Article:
Mechanical properties are important characteristics in estimating a joint performance under different service conditions. The preceding paragraphs provide an insight of mechanical performance of FSR joints.

Tensile Strength Studies.

All published literatures on FSR joints conclude that the resultant joint through FSR is of higher structural strength than many other joining methods, such as adhesive bonding. Min et al. [70] investigated the tensile strength of Mg/Al FSBR joints (manufactured at different spindle speeds and feed rates) and compared them with the ones having predrilled holes. They used three materials cast Mg AM60, rolled 1.5 mm thick Al AA6022, and extruded 3.15 mm thick Al AA6082 for the study. FSBR joints in all the cases were found to be of superior tensile strength compared to the joints with predrilled holes. Based on the analysis, tensile strength was linked to parameters such as tail forming process, frictional penetration, material matching, and sheet position. Min et al. [71] also found superior tensile strength for CFRP/CFRP and CFRP/Al FSBR joints. Zhang et al. [72] studied HSS/Mg alloy FSBR joints. They found that tensile strength varied with changing feed rate and material configuration. It was noted that with increasing feed rates, load-carrying capability and percentage elongation increase for FSBR samples.

In Ref. [66], the tensile strength of the AA2024-T351/polycarbonate (PC) FricRiveted joints exhibited excellent values of ultimate tensile forces in comparison to riveted joints, i.e., 68.4% greater strength. The similar range of superior tensile strength values was also reported by Amancio-Filho [65] for AA2024-T351/polyetherimide (PEI) FricRiveted joints. Blaga et al. [48] used tensile testing to investigate the mechanical anchoring behavior of FricRiveting joints. The researchers measured the contact volumes between the polymer and the rivet to define the mechanical anchoring. FBJ and SPR joints [73] made of Al 7075-T6/dual phase (DP) 980 steel alloy were compared in terms of shear strength. Results revealed that FBJ average lap shear strength was 6.4 KN in comparison of 5.0 KN shear strength of SPR joints.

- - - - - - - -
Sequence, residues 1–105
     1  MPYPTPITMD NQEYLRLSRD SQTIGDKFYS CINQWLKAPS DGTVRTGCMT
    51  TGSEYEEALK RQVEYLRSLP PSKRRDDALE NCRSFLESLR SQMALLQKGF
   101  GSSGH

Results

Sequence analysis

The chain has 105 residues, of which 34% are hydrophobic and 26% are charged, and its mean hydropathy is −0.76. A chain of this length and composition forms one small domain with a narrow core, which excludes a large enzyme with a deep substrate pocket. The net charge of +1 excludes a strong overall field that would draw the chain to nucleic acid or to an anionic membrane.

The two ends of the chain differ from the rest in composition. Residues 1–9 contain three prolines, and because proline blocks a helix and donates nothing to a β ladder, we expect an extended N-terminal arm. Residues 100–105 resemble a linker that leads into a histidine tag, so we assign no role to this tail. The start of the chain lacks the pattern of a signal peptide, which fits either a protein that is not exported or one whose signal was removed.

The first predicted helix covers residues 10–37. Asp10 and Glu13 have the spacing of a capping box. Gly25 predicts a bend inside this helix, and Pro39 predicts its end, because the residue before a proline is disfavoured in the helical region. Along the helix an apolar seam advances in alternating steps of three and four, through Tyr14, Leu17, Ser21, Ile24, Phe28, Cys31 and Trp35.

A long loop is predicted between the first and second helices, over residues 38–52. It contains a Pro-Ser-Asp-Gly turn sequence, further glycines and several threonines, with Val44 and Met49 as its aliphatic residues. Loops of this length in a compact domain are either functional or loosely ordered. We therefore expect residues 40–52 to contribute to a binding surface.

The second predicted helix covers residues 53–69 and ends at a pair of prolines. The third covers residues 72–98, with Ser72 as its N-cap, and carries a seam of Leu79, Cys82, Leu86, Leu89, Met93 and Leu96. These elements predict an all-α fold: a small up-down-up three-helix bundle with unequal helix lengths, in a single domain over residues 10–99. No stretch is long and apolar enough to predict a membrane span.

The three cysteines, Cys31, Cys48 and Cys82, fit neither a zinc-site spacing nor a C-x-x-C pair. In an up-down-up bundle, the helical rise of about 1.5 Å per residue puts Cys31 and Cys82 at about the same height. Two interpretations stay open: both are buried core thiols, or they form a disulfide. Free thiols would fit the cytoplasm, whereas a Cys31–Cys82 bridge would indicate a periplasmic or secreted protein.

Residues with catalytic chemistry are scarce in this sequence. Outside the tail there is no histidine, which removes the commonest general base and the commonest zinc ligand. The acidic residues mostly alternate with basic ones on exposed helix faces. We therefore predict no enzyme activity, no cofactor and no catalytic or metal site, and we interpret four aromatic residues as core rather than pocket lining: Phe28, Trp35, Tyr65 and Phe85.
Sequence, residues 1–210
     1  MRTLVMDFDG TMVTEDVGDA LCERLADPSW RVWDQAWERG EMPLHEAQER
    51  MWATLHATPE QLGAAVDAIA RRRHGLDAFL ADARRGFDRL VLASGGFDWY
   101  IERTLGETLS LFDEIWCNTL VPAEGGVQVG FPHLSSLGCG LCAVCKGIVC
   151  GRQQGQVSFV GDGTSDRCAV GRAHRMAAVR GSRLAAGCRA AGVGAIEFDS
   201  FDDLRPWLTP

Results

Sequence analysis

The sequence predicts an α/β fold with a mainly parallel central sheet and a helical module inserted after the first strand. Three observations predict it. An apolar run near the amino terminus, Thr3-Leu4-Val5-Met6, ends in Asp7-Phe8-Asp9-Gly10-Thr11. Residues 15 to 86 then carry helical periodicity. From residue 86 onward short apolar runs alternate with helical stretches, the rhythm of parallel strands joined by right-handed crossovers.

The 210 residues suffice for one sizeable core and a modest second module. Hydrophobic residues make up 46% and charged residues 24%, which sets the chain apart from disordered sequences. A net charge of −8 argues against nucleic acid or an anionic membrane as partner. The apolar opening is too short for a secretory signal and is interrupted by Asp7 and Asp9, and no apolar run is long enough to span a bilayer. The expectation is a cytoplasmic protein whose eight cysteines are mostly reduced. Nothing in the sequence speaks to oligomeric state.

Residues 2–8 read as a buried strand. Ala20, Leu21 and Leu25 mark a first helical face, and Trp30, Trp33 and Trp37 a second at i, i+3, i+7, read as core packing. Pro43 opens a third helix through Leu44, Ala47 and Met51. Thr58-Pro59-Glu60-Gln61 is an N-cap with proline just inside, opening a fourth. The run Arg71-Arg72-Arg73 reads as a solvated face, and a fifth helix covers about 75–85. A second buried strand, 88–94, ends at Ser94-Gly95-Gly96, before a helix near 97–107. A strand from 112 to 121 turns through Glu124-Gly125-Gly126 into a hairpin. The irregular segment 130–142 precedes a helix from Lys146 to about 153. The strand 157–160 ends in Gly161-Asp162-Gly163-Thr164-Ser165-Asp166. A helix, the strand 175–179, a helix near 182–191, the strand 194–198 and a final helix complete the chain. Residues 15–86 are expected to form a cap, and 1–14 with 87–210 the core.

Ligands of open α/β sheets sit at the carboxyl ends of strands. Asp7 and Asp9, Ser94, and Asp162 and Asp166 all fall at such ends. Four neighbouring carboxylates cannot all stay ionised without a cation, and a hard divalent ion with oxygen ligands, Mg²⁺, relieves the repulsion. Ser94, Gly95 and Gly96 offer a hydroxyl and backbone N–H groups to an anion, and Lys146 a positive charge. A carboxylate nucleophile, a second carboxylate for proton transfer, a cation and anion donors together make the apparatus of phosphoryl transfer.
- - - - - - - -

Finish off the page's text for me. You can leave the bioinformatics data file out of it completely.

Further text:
Reported literatures reveal that FSR processes usually depict higher strength compared to conventional fastening techniques. Although all the researchers have cited metallurgical/mechanical bond formation as the primary contributor to this improved performance, different reasons were proposed for the bond formation in each individual FSR process.

Investigation of Local Mechanical Properties.

In the literature, to evaluate the softening and thermal effects of the process in stirred zone, microhardness tests were conducted for different FSR processes. In Ref. [74], researchers discovered that the microhardness of a friction riveted polymer metal joint was associated with microstructural changes due to thermomechanical processing. For metallic rivet portions within the worksheets, a reduction in microhardness with respect to the parent metal was observed. However, the decrease in the values was smaller for the MHAZ than TMAZ. Moreover, regions in the vicinity of the rivet experienced an increase in microhardness compared to the base material. The authors associated these changes in hardness in the PHAZ with physical aging and hardening. The phenomenon occurred as a result of loss of structural water, coming as a by-product when different monomers joined together to form polymer.